The History of Oxford Castle
The juxtaposition of busy Oxford centre and the looming ancient castle is immediately obvious, especially on a bustling Saturday night.
Oxford Castle is a partly ruined Norman castle built in 1071 by Baron Robert D'Oyly. There is debate as to whether there was an earlier fortification on the site due to evidence of earlier Anglo-Saxon habitation. The Domesday Book does not show any record of demolition, which suggests that the land was clear when the castle was built. However, houses may have been destroyed during the Norman seizure of the town. During the 12th and 13th century, parts of the castle were replaced and extended in stone, the first of such work being St George's Tower.
Empress Matilda returned to England in 1125 after the death of her husband, European King Henry V. She stayed at Oxford Castle until it was besieged by her cousin King Stephen. Being Stephen's rival to the throne, she had no choice but to escape. Legend has it, she was lowered from St George's Tower by ropes and escaped along the frozen river, dressed in white robes to disguise herself against the snow.
By the 14th century, the castle was falling into disrepair and had little military use. This is when it became the jail and criminal court for Oxford. assizes were held here until plague broke out in 1577. The plague is known as the Black Assize of 1577, others call it 'The Oxford Castle Curse'. Sir Robert Bell, amongst others presided at the trial of Rowland Jenke, 'an impudent talker… for speaking injurious words against the Queen'. It is said Jenke had both his ears removed as punishment and cursed the Court, the Jury and the City in return. Bell and at least three hundred others lost their lives during the plague.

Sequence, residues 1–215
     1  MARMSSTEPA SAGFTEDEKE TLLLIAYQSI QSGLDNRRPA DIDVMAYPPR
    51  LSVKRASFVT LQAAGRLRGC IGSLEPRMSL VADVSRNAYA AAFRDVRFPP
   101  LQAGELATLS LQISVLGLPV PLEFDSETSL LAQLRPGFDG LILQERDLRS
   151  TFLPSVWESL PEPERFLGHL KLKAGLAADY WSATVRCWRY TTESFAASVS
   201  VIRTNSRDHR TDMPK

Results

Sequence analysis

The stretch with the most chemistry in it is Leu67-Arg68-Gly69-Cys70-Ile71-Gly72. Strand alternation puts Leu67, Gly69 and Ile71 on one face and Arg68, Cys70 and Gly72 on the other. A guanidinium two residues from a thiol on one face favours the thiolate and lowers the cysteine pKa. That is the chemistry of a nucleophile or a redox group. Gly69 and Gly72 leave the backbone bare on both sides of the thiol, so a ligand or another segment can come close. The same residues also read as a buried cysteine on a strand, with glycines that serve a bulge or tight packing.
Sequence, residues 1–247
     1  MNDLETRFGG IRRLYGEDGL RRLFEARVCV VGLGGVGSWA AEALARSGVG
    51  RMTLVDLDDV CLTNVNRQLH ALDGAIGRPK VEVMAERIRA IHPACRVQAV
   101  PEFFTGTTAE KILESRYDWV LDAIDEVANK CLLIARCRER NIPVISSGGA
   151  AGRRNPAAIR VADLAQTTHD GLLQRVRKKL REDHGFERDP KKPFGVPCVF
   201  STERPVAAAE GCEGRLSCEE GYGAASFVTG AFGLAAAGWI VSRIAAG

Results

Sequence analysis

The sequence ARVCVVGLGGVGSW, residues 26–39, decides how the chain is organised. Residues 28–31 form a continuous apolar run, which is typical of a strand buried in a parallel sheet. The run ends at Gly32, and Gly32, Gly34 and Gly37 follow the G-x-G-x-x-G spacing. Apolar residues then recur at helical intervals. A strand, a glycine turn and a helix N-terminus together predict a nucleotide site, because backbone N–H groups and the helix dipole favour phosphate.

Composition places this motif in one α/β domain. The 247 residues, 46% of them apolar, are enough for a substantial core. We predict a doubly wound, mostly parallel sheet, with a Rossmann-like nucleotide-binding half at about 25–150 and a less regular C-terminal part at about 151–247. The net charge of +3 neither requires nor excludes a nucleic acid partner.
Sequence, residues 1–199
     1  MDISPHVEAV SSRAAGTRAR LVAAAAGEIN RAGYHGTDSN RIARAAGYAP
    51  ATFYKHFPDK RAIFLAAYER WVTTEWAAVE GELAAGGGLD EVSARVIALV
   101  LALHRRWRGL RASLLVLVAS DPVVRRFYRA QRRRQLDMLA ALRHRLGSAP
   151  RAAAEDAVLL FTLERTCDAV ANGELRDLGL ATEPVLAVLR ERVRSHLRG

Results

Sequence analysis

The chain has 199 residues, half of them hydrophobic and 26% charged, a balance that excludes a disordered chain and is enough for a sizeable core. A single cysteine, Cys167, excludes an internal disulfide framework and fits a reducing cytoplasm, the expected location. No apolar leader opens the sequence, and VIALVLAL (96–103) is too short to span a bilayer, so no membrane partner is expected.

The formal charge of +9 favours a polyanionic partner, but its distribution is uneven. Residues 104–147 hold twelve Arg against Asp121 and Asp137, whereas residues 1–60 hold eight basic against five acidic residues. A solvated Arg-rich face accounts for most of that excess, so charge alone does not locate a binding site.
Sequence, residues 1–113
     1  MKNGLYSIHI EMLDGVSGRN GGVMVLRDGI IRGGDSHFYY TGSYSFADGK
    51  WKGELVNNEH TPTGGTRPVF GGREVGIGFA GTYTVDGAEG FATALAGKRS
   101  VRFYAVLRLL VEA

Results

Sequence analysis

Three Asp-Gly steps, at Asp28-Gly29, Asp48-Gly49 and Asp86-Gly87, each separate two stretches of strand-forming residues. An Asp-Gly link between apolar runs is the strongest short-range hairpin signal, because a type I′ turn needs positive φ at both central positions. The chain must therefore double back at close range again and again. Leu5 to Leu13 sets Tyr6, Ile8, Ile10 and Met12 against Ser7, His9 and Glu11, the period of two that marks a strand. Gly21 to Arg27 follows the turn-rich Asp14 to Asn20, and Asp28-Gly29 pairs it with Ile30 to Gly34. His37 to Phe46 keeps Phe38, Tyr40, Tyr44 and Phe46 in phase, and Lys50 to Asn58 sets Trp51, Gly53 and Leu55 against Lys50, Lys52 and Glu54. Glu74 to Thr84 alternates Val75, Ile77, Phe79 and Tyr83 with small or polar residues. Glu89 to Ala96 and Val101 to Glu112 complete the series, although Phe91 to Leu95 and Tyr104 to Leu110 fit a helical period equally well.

After the English Civil War of 1642, Oxford Castle's primary role was as the town prison. The prison was infested with vermin, and prisoners were charged by the guards for their board and lodging. The prison also had gallows on site to execute prisoners. Mary Bland is one of the most well known prisoners to be held and subsequently lose her life at the castle. She was hanged on 6th April 1752 for poisoning her father with arsenic. In her defence, she claimed she thought she had bought a love potion to encourage her father to approve of her relationship with William Henry Cranstoun. She was found guilty but speculation around her innocence continued on into the 1800's. Many more executions have taken place over the years, some self inflicted, such as Thomas Hadden who hanged himself in his cell on 16th July 1782 after being found guilty of robbing mail.
The last hanging at the prison was in 1952 and the castle ceased acting as a prison in 1996.